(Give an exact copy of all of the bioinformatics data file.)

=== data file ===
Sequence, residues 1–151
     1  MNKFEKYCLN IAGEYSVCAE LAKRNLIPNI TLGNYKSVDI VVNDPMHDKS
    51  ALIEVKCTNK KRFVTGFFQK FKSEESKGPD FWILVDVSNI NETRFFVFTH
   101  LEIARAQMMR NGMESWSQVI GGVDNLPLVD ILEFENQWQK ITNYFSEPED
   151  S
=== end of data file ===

Sequence, residues 1–151
     1  MNKFEKYCLN IAGEYSVCAE LAKRNLIPNI TLGNYKSVDI VVNDPMHDKS
    51  ALIEVKCTNK KRFVTGFFQK FKSEESKGPD FWILVDVSNI NETRFFVFTH
   101  LEIARAQMMR NGMESWSQVI GGVDNLPLVD ILEFENQWQK ITNYFSEPED
   151  S